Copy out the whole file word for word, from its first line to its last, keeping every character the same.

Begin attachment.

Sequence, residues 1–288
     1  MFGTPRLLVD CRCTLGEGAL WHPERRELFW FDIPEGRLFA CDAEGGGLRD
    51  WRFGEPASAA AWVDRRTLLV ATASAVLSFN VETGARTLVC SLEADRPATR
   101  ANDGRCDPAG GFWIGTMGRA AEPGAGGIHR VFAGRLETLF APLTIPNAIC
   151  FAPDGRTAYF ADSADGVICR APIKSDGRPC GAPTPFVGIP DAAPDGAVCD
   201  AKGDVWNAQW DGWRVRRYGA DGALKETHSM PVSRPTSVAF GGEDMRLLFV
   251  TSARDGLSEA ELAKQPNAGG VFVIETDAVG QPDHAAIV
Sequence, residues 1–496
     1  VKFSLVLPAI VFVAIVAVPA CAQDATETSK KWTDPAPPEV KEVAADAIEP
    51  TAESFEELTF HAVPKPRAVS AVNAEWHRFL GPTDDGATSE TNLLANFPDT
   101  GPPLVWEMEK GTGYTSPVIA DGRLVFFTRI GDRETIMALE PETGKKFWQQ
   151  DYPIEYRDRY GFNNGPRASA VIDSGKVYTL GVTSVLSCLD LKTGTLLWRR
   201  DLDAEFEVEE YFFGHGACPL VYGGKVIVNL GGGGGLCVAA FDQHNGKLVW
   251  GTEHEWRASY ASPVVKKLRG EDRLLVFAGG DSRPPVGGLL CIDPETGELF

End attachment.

Sequence, residues 1–288
     1  MFGTPRLLVD CRCTLGEGAL WHPERRELFW FDIPEGRLFA CDAEGGGLRD
    51  WRFGEPASAA AWVDRRTLLV ATASAVLSFN VETGARTLVC SLEADRPATR
   101  ANDGRCDPAG GFWIGTMGRA AEPGAGGIHR VFAGRLETLF APLTIPNAIC
   151  FAPDGRTAYF ADSADGVICR APIKSDGRPC GAPTPFVGIP DAAPDGAVCD
   201  AKGDVWNAQW DGWRVRRYGA DGALKETHSM PVSRPTSVAF GGEDMRLLFV
   251  TSARDGLSEA ELAKQPNAGG VFVIETDAVG QPDHAAIV
Sequence, residues 1–496
     1  VKFSLVLPAI VFVAIVAVPA CAQDATETSK KWTDPAPPEV KEVAADAIEP
    51  TAESFEELTF HAVPKPRAVS AVNAEWHRFL GPTDDGATSE TNLLANFPDT
   101  GPPLVWEMEK GTGYTSPVIA DGRLVFFTRI GDRETIMALE PETGKKFWQQ
   151  DYPIEYRDRY GFNNGPRASA VIDSGKVYTL GVTSVLSCLD LKTGTLLWRR
   201  DLDAEFEVEE YFFGHGACPL VYGGKVIVNL GGGGGLCVAA FDQHNGKLVW
   251  GTEHEWRASY ASPVVKKLRG EDRLLVFAGG DSRPPVGGLL CIDPETGELF